Stocks rallied into year end on renewed optimism about a ‘Phase One’ US/China trade deal, less risk of an economic downturn in 2020 and continued support from global central bankers.  The advance has come on very low volume, suggesting that it is being driven by a lack of sellers as opposed to a new wave of buying.   Investors are most likely loathe to take profits and pay the capital gains taxes this year, while many managers like to show a more fully-invested portfolio at year end and don’t want to be seen as selling too early in a rising market.  Not to try to ‘rain on this parade’, but the more skeptical among us (including a weekend article from Bloomberg Business) point out that “never before have we seen such a rally in risk assets so devoid of fundamentals and built on such leverage.”  The 2019 stock market rally has been driven entirely by increased valuation as stocks as opposed to earnings growth, which was basically non-existent.  Like much of the past decade, once again the gains were supported by excessively ‘easy’ money conditions, particularly in the U.S. where the Fed has once again been on a tear with the re-expansion of their balance sheet and a 10% annualized expansion in the money supply in the last quarter.  Given that economic growth has been slowing along with real business spending and the demand for loans, the excess liquidity created by these central banks has nowhere to go except into financial assets.  This is very apparent when looking at commercial bank balance sheets, where their holdings of U.S. treasury securities has risen by over 17% this year.  The investing public is also buying into the euphoria, as evidenced by the most recent survey of AAII (44% bulls from American Association of Individual Investors) as are investment advisors.  Investors Intelligence Survey has gone from 5% net bearish one year ago (30% bulls/35% bears) to 40% net bullish today (57% bulls/17% bears). Stock investors are less prepared for a downturn when it finally does arrive.  Cash levels are at record lows in both private client accounts as well as institutional and mutual funds.  The bottom line on market sentiment is that the CNN Fear-Greed Index (range of 0-100) now stands at over 90, versus under 10 one year ago.   Meanwhile, the VIX Index, the traditional measure of investor complacency, sits near an all-time low.  This bull market might continue to surprise us on the upside, but all of the typical signposts we’ve seen at the end of any prior market cycles seem to be firmly in place.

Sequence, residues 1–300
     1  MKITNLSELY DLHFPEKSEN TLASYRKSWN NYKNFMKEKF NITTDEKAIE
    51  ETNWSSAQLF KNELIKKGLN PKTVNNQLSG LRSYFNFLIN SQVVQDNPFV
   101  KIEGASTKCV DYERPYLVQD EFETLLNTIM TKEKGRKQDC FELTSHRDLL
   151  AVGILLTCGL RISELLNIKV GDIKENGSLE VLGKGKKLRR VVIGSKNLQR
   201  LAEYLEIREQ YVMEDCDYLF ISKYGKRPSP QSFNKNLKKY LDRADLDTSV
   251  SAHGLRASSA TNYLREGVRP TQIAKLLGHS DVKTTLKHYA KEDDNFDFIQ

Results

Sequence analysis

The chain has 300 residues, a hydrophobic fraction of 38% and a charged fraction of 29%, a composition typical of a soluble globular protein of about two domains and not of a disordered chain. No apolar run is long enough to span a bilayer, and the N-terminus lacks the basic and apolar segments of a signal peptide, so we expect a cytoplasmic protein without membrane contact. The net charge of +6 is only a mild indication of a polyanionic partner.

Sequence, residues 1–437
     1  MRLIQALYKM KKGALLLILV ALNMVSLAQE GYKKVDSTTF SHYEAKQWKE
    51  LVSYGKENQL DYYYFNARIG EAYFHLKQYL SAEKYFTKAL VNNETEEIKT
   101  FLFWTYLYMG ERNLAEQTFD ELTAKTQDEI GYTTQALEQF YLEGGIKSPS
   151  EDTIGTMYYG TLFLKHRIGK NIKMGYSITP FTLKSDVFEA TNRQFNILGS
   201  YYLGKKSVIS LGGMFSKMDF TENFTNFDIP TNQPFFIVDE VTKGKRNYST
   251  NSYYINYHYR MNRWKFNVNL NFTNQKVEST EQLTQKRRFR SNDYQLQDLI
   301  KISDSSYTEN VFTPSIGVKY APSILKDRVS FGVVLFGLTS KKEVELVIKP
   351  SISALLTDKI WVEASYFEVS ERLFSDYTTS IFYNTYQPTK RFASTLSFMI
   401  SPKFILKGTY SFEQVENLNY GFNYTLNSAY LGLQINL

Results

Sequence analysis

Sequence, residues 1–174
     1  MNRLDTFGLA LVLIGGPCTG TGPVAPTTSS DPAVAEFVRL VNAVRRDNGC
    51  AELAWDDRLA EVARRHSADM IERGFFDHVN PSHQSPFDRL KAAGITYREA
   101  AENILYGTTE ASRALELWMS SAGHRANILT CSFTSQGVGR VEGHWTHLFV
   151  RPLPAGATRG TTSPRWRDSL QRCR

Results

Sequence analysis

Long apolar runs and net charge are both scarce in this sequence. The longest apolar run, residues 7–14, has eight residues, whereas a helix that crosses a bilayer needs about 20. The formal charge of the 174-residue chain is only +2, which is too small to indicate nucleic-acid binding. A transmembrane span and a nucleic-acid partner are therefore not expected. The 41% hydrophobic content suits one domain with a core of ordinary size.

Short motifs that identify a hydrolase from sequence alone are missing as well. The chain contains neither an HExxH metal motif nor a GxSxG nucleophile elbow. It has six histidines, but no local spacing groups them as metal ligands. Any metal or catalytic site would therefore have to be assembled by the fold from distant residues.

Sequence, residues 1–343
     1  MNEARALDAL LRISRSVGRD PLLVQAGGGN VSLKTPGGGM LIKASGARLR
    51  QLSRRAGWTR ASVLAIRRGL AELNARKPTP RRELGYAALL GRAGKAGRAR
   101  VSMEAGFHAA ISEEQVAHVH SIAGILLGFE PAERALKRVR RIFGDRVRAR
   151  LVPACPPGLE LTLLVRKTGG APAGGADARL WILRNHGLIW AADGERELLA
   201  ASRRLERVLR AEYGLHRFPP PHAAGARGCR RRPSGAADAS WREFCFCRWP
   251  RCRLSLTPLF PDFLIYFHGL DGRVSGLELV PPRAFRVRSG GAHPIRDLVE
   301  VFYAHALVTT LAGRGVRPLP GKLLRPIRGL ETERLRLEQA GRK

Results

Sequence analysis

Households in the U.S. have been pulling money out of stock funds in the past few year (to the tune of over US$135 billion).  Stock bulls have pointed to this behavior as supporting further gains since the investing public has a bad habit of selling at the bottom and buying at the top and will still see the market post further gains as public investors come ‘storming in’.  What that analysis fails to account for, though, is the fact that the gains in stock prices in the past decade have already pushed household wealth held in stocks to its highest level (69%) since the market peak back in 2007.  That percentage (at 67%) was itself a new record, surpassing the prior peak of 61% back in 2000, once at a stock market peak.   Are we seeing a recurring theme here?   Once investor holdings of stocks hit cycle or record highs, then the ‘writing is on the wall’ for the end of that cycle.   The fact that public investors have been net sellers of stocks this year is probably nothing more than some normal ‘rebalancing’ of holdings.